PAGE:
Fundamental rights review

The government has launched a Balance of Competences Fundamental Rights Review to examine the balance of competences between the UK and the European Union on fundamental rights. The call for evidence runs until 13 January 2014.

The government is keen to find out views about what evidence there is that the impact of European Convention on Human Rights (ECHR) case law, as it is given effect through the EU's fundamental rights framework, has been advantageous or disadvantageous to individuals, business, the public sector or any other groups in the UK.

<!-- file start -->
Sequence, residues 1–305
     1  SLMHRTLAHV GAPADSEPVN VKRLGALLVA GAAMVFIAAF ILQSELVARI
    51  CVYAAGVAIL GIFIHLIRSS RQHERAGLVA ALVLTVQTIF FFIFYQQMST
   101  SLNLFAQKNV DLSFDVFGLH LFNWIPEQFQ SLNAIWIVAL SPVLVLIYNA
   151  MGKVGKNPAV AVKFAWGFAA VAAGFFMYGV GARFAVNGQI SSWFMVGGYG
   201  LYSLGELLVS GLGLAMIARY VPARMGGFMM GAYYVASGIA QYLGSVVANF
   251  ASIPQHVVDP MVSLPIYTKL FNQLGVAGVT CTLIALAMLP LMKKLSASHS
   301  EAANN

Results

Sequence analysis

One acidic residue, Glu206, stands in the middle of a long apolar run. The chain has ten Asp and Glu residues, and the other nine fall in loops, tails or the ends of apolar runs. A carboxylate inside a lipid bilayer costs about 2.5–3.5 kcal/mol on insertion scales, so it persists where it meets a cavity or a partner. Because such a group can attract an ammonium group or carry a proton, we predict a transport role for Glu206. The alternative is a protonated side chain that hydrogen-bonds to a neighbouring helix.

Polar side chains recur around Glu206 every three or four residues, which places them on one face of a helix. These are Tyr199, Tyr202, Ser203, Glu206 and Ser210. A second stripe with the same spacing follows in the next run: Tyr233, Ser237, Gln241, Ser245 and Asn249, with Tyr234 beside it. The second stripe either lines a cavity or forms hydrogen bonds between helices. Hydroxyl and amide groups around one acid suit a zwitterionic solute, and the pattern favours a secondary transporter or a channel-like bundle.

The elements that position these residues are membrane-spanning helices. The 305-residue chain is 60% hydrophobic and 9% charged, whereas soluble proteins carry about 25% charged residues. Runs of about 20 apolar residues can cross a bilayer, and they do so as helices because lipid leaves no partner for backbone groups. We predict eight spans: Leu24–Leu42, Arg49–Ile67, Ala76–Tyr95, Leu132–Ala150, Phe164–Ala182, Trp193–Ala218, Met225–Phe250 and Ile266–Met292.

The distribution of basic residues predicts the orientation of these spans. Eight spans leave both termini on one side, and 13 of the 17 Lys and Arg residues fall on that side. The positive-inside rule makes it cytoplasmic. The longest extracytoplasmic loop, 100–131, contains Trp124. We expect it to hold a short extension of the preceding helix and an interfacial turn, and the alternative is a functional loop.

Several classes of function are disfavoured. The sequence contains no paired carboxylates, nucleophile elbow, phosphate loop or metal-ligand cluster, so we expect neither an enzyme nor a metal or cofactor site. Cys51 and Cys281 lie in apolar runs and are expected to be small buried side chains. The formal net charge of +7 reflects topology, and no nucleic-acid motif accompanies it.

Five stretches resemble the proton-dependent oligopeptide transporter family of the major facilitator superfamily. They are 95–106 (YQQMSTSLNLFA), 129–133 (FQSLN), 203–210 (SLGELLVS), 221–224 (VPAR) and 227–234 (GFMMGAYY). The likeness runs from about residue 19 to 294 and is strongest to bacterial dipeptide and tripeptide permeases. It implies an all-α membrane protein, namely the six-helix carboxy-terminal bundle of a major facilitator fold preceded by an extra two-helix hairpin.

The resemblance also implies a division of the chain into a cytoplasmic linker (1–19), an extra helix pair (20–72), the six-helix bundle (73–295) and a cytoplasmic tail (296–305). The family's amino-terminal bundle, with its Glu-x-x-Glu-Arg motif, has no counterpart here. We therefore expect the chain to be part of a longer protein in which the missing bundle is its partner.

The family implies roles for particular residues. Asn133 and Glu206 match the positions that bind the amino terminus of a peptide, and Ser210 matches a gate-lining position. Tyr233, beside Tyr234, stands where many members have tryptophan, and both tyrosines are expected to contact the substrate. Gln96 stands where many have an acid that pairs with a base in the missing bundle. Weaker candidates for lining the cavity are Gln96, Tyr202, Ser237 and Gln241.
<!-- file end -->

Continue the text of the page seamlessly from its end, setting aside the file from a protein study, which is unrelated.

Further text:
In the UK, the ECHR is given effect in domestic law by the Human Rights Act 1998. The Charter of Fundamental Rights of the European Union, brought by the Lisbon Treaty in 2009, specifies Respect for private and family life & Protection of personal data as fundamental rights. While individuals can enforce both EU fundamental rights and Convention rights in the UK courts, there are also many differences.

The general review on EU competences is fundamentally about ‘starting a wider debate about modernising, reforming and improving the EU in the national interest’, the government says. A separate report will be prepared between spring and autumn 2014 on information rights.

The Ministry of Justice is holding workshops in London and Edinburgh on this topic.